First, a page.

The basis for the moral obligations in conjunction with our emotions
THE FOUNDATIONAL THESIS: It is our duty to cultivate, control, and appropriately express our emotions in the act of preaching
a. The Logical Proof
1) Self-control is a biblical duty.
2) Our emotions are a part of our God-given self.
3) Therefore, the control of our emotions is our duty.
b. The Mathematical Proof
1) The whole includes all of its parts.
2) Our emotions are an integral part of our full humanity, and must therefore come under the influence of the Holy Spirit’s ministry producing in us self-control.
c. The Scriptural Proofs
Joel 2:12-14, Joel 2:17
1 Cor. 7:29-30
1) In these passages God calls upon men to come to grips with the realities which, if consciously and powerfully present in the mind and heart, cannot but produce the commanded emotional state and its appropriate expressions
2) In these passages we also learn that higher considerations may dictate a restraint upon the ordinary and normal emotional state.
1 Cor. 7:29-30
3) In these passages it is assumed that the emotion and its appropriate expressions are normally concurrent realities
James W. Alexander, Thoughts on Preaching, (Edinburgh: Banner of Truth Trust, 1988), pp. 18, 20.
I trust I have now established the biblical basis for the assertion that it is our duty to cultivate, control, and appropriately express our emotions.
If this is a general Christian duty, how much more is it our duty when all of our faculties are concentrated on the great and weighty issues of time and eternity in the actual act of preaching.
When the mind and heart of the preacher are fully taken up with clear views of spiritual realities, then all the lines to all of his emotions should be plugged in and fully functioning.
5. Some practical guidelines for the cultivation and appropriate expression of the emotions in preaching
a. General emotional cultivation and its appropriate expression
1) Engage in regular biblical meditation.
2) Exercise the imagination and empathetic faculties
Joshua H. McIlvaine, Elocution: The Sources and Elements of Its Power, (New York: Charles Scribner’s Sons, 1895), pp. 75-76.
Joshua H. McIlvaine, Elocution: The Sources and Elements of Its Power, (New York: Charles Scribner’s Sons, 1895), pp. 78-80.
3) Give vent to the appropriate emotional expressions attending these activities.
4) Read out loud, seeking to let the appropriate emotional impact be felt and expressed. (An excellent exercise is to do this in your devotional reading of the Scriptures.)
b. Specific emotional cultivation and control in preaching
1) Seek a real but restrained emotional engagement in the process of your preparation.
Do not exclude the emotions from the process of preparation – the reality of being engaged in earnest prayer must be sustained throughout your preparation. Such prayer is almost always “emotionally warm.”
Although what happens in the act of preaching is often unpredictable, as a general rule, the level of felt grip and warmth and holy passion experienced at the desk and on our knees prior to preaching, will be an index of what we will experience in the act of preaching itself.
Joshua H. McIlvaine, Elocution: The Sources and Elements of Its Power, (New York: Charles Scribner’s Sons, 1895), pp. 68-69.
Gardiner Spring, The Power of the Pulpit, (Edinburgh: Banner of Truth Trust, 1986), pp. 126-127.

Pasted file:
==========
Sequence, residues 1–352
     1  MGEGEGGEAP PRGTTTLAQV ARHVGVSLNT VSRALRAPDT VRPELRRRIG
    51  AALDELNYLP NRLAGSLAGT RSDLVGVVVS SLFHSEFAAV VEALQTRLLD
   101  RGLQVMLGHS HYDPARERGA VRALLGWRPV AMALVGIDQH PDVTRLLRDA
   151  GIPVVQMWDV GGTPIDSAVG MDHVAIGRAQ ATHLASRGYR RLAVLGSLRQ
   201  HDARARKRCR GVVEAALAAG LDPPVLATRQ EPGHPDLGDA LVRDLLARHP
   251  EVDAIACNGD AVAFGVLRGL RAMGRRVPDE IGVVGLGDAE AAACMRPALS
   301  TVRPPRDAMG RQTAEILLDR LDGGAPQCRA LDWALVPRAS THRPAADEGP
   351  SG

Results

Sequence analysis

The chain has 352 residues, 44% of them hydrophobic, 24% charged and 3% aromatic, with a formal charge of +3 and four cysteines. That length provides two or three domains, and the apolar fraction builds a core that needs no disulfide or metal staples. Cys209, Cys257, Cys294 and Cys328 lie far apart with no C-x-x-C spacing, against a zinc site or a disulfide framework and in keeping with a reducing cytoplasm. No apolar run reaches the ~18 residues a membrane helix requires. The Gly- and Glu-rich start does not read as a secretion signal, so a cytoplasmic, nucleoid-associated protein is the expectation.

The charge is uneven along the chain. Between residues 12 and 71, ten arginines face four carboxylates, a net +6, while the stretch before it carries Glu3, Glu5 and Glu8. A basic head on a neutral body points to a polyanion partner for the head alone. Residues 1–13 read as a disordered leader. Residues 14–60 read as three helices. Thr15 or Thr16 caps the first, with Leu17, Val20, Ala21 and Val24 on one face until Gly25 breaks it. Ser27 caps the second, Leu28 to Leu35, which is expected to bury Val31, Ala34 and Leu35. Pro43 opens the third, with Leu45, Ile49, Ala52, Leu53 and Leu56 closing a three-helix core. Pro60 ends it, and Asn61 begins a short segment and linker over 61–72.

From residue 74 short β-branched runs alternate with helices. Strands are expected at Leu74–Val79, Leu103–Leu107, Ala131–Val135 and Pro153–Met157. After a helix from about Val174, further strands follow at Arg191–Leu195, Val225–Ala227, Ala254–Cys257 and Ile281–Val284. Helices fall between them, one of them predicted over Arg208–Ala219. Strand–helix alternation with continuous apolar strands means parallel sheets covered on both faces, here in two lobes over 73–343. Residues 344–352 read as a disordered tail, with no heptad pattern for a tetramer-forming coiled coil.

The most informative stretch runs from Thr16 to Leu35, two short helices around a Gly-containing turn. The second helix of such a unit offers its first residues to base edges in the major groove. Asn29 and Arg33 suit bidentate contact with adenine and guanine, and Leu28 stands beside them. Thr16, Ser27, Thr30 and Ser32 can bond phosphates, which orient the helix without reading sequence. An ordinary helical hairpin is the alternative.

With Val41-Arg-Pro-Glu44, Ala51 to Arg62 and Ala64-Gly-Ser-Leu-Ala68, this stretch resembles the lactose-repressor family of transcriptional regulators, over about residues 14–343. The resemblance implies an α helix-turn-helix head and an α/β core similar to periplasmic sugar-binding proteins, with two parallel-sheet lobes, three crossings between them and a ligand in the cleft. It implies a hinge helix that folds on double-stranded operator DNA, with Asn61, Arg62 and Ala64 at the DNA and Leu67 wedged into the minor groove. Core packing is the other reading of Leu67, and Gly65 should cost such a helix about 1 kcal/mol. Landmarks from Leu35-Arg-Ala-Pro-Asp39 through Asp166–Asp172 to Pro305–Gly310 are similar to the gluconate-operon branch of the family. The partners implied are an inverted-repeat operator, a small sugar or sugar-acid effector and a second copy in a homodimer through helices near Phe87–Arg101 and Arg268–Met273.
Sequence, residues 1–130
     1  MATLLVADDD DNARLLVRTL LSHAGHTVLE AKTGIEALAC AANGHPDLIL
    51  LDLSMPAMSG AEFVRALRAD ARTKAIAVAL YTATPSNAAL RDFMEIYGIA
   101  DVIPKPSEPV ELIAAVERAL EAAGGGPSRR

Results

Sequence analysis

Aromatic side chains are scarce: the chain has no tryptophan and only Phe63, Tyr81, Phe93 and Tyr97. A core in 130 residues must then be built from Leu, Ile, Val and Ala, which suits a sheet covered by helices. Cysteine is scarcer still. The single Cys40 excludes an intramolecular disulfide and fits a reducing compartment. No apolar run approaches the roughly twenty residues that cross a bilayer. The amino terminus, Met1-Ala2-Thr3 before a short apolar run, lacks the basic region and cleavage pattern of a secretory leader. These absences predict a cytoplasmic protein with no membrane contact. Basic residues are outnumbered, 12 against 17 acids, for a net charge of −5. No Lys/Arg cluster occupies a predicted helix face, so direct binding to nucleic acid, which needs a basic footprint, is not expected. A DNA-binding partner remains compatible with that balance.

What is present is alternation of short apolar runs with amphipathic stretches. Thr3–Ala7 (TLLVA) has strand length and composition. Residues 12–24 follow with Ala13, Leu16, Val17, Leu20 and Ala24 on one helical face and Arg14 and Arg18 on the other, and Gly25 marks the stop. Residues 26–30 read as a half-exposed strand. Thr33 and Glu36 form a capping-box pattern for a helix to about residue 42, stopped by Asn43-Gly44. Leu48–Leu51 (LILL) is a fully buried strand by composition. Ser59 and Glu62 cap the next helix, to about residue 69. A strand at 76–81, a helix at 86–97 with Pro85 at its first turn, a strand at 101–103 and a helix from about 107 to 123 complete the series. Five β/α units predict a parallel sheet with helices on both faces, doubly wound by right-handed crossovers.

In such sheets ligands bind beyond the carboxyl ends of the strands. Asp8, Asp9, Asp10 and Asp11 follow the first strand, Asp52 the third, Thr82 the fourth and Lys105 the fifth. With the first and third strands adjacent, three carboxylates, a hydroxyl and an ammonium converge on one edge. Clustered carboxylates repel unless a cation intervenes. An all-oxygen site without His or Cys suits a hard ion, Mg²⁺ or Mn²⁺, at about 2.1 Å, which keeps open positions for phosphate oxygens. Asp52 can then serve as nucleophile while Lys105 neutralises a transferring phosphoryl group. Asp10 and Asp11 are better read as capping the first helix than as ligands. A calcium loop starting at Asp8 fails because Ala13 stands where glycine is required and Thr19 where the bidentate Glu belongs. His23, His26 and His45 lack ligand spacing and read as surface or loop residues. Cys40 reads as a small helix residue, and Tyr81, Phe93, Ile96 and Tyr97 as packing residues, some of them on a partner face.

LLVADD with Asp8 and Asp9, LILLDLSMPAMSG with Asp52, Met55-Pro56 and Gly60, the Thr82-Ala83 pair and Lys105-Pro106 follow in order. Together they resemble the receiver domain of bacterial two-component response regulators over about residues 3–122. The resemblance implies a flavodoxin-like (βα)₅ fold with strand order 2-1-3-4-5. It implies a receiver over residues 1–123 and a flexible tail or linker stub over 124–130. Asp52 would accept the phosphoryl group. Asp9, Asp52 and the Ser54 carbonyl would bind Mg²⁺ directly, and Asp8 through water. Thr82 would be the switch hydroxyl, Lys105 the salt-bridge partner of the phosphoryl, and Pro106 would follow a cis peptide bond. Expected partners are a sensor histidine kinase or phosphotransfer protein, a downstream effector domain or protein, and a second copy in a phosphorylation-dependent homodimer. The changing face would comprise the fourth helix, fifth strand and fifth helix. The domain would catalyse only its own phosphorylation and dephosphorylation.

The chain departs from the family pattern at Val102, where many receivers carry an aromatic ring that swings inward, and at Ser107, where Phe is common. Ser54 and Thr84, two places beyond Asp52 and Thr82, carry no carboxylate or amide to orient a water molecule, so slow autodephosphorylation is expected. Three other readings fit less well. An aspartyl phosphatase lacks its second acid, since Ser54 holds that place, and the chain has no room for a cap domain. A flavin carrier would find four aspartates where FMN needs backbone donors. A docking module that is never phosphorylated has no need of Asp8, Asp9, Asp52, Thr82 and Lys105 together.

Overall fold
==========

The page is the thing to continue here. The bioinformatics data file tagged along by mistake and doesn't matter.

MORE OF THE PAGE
2) Now, in the actual delivery of the sermon, the general principle is that we should seek a free but real and controlled flow of the emotions throughout the entire delivery.
The great biblical mandate in this connection is “Quench not the Spirit.” Since the fruit of the Spirit is “self-control” do not quench the Spirit’s work in producing self-control in you as you preach.
Emotional frenzy is the stuff of pagan and demonically inspired religion- not the stuff of Holy Spirit controlled religious experience (1Cor. 12:2).
On the other hand, since the Holy Spirit is the Spirit of truth, do not grieve him by seeking to force an expression of emotion which is not spontaneous. We are commanded “lie not one to another.” To preach with the painted fire of forced emotion is one of the most reprehensible forms of lying. The man who has written in his notes “weep here” is a despicable fake.
William M. Taylor, The Ministry of the Word, (London: T. Nelson & Sons, 1876), p. 138.
D. Martyn Lloyd-Jones, Preaching and Preachers, (Grand Rapids, MI: Zondervan Publishing House, 1972), pp. 92-95.
Miscellaneous observations and cautions relative to this subject
a. Seek to gain an accurate assessment of your basic emotional constitution, and deal with yourself accordingly.
Some men need a bridle, but others need a spur.
b. Consciously work at mending any broken circuits between proper emotions and their appropriate expression.
1) Look to Christ as your perfect example-
2 Cor. 3:18;
1 Jn. 2:6
2) Take practical steps to cultivate your emotions
Work at expressing proper emotions with your wife, children, and other intimate friends- since such friends know you in your more “native” emotional patterns, explain to them that you are seeking to expand the range of emotional expression, and solicit their help.
Seek the critical assessment of wise and competent Christians.
c. As you preach, beware of venting emotion beyond the present level appropriate to the mental and emotional state of your hearers. Seek to be sensitive to the congregation’s emotional movement with you during the course of your preaching.
Robert L. Dabney, Sacred Rhetoric, (Edinburgh: Banner of Truth Trust, 1979), pp. 250-251.
d. Beware of your peculiar vulnerability after the emotional expenditure of preaching